Five Types of Lighting Used in Photography

By February 25, 2019 March 5th, 2019 cameras, Creativity, General, Suggestions, Techniques

Lighting is the key point in your photography. If you are an expert at handling your gears, but have very little knowledge about the lighting conditions, then your expertise is of no use. It’s as good as nothing. In order to capture a good piece of photograph, you need to be a good judge of the lighting environment and how different lighting angles work. Come.. let’s explore 5 types of lighting used in photography.

Five Types of Lighting Used in Photography

Short Lighting

Short Lighting is the type of side lighting, where the side of the subject turned towards the camera is in shadow and the other side faces the light. This type of light settings are generally used for darker portraits and helps to make the face look thinner which is flattering for many people.

Broad Lighting

Broad Lighting is the opposite of Short Lighting. In this type of lighting, the side of the subject facing the camera and closest to it is most lit. The other side of the face which is further away falls on the darker side and shadows fall on that side. Such lighting helps the face look fuller and compliments someone with a narrow face.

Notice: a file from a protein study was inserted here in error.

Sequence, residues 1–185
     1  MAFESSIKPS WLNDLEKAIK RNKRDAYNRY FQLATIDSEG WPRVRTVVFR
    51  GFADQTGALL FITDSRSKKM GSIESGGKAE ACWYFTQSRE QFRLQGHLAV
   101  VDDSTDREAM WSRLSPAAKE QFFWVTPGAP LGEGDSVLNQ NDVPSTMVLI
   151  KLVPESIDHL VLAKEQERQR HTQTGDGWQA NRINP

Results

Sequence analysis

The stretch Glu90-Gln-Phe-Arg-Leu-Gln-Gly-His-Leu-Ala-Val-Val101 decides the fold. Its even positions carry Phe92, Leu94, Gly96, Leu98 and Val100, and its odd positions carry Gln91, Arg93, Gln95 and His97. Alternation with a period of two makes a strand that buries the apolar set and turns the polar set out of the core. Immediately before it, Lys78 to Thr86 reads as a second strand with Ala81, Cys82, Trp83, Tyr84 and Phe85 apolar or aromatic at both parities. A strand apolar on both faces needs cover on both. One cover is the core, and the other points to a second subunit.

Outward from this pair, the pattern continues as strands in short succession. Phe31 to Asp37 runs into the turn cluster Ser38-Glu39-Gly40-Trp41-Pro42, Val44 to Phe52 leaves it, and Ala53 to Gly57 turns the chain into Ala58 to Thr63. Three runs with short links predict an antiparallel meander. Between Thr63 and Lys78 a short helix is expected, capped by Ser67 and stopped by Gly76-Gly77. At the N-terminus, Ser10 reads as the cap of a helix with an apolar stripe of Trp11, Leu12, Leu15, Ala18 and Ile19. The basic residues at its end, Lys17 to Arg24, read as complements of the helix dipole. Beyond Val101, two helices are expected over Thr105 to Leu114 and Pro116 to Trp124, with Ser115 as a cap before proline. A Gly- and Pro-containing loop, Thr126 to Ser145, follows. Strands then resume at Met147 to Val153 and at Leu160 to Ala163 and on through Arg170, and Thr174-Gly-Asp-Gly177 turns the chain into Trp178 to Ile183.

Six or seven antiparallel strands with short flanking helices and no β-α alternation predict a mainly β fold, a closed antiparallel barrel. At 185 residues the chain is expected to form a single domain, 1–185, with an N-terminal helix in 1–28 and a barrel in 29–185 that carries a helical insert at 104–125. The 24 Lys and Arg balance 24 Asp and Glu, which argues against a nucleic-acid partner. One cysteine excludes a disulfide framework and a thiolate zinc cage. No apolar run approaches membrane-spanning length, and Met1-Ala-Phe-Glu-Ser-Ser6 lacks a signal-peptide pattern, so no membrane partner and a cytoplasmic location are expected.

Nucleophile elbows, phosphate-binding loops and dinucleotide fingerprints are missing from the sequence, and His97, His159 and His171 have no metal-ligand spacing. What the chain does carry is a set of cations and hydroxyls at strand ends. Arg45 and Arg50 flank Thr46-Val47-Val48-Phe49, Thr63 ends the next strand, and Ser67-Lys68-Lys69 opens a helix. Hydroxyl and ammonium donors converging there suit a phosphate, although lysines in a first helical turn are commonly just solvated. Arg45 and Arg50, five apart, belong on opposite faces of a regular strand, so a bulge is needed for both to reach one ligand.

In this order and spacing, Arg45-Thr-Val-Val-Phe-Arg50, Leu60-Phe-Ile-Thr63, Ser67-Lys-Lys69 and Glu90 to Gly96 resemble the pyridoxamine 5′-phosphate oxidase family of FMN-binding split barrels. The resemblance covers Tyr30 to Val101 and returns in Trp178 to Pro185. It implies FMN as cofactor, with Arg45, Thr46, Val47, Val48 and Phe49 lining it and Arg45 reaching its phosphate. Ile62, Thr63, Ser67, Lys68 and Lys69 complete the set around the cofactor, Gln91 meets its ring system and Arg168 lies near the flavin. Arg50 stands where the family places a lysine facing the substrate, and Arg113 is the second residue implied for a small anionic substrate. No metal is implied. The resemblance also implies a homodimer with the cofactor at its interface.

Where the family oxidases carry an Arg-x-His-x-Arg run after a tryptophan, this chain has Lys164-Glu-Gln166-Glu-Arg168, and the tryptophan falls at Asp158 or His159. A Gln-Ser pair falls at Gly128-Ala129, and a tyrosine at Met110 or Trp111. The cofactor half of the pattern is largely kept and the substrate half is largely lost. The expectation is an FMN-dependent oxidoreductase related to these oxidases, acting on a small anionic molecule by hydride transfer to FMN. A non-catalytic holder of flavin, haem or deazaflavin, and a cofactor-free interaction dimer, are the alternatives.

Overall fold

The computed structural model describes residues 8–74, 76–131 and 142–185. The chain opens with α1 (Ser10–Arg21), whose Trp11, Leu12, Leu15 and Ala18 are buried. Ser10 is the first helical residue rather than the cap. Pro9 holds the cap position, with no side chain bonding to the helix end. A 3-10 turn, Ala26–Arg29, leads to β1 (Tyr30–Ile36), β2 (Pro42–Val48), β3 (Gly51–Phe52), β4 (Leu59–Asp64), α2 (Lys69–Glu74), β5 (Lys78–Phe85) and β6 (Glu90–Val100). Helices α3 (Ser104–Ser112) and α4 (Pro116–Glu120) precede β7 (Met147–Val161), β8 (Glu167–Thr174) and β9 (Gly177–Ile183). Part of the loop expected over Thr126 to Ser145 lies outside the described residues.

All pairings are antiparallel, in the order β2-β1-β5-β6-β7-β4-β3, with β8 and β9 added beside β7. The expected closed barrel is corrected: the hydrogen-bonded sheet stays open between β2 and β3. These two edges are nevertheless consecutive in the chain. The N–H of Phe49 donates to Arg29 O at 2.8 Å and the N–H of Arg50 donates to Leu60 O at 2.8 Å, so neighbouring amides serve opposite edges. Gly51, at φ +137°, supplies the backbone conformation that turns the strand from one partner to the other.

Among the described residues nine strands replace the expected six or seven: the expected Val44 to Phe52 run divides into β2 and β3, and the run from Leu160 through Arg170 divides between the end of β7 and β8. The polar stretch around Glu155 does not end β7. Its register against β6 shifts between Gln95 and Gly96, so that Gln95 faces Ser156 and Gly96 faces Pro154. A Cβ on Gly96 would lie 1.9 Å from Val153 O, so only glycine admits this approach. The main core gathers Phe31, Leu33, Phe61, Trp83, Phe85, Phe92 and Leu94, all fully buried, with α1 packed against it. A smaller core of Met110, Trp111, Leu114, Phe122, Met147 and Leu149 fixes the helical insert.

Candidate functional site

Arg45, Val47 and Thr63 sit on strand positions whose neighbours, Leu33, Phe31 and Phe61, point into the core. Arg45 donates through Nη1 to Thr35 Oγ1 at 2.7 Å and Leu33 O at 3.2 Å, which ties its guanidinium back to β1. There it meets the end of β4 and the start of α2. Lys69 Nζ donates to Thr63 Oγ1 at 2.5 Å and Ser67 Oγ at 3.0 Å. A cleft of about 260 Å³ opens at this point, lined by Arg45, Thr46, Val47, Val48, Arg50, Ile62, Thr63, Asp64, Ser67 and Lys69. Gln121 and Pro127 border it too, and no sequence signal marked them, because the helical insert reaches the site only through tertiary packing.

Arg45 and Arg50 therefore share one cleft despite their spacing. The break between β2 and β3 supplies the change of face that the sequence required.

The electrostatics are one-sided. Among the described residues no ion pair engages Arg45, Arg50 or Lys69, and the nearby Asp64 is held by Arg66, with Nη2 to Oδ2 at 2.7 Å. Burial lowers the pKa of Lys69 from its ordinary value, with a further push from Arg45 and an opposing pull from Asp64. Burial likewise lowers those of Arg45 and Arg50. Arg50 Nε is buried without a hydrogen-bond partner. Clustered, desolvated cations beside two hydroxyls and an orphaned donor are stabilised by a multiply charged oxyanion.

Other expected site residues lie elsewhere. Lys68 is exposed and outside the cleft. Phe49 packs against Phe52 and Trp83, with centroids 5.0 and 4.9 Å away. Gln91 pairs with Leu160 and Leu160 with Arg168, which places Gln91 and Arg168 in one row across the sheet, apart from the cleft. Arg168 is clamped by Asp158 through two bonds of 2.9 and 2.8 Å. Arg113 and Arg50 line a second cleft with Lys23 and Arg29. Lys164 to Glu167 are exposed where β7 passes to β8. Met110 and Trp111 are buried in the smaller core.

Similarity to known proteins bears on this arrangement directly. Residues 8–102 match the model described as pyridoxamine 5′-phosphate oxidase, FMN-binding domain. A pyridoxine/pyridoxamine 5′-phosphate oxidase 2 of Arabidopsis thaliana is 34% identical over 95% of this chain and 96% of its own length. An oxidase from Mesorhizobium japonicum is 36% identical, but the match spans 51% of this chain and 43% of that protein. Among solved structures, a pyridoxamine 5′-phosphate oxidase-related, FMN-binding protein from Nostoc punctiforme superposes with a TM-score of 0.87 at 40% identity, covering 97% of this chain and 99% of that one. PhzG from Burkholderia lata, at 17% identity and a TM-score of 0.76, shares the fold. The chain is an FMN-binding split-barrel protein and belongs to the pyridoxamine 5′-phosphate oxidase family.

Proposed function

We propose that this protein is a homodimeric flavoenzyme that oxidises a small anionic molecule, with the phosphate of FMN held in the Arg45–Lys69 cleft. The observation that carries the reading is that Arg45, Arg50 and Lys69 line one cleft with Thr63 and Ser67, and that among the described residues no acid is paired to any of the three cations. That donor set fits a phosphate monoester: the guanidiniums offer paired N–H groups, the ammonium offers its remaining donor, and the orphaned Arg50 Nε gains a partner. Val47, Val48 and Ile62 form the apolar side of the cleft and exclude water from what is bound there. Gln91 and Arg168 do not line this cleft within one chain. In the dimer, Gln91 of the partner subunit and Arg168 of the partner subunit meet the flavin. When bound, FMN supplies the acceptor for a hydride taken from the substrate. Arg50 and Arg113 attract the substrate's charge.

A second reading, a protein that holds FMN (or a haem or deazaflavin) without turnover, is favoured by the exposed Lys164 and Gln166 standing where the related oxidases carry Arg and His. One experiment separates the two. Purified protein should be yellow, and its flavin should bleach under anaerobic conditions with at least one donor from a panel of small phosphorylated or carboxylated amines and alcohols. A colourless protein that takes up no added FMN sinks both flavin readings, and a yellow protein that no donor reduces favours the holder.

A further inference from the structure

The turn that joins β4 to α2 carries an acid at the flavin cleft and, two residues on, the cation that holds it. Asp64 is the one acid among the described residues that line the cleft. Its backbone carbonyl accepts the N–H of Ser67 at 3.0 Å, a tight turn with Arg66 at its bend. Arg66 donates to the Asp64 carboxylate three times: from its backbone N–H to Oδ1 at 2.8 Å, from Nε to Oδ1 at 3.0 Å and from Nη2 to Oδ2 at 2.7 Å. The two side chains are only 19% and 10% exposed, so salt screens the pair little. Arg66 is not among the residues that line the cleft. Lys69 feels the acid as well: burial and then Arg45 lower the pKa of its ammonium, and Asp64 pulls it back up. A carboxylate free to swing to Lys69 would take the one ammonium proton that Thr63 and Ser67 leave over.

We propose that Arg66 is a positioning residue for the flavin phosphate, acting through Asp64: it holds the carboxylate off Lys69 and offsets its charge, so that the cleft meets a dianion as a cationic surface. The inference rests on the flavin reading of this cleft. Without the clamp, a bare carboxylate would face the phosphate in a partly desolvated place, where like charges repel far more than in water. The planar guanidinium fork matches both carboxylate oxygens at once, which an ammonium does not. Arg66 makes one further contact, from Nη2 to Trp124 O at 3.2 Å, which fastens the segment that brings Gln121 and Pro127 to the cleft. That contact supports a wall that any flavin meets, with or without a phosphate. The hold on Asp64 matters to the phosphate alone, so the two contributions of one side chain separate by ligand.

Split Lighting

As the name suggests, Split Lighting splits the subject’s face into exact halves – one half is completely lit by light and the other half lies in the shadow which gives a tougher and bolder look to your subject. To achieve this, you need to keep the light at 90 degrees to the left or right side of the subject. This will give you a dramatic effect.

Butterfly Lighting

With light directly placed above and in front of the subject, the shadow created under the nose of the subject resembles a butterfly, which explains its name. This setting beautifully highlights the cheekbones and the chin of the subject and is most commonly used for women. It is mostly used for glamour style shots.

Loop Lighting

Loop Lighting is used to make your subject’s face well lit. In this case, the light is kept at about 45 degrees angle and slightly above the eye level. This way, the shadow is created exactly under one nostril and to the side of the nose.

And that’s not just it! These are only few of the light settings that are generally used. Apart from these, there are still so many lighting patterns to know of and experiment with. To get a better hold at light settings, try experimenting with different angles of light and may be use different tools like, reflectors etc. to give better look to your subject.

Happy Clicking! 🙂

~ Sulekha Sonal

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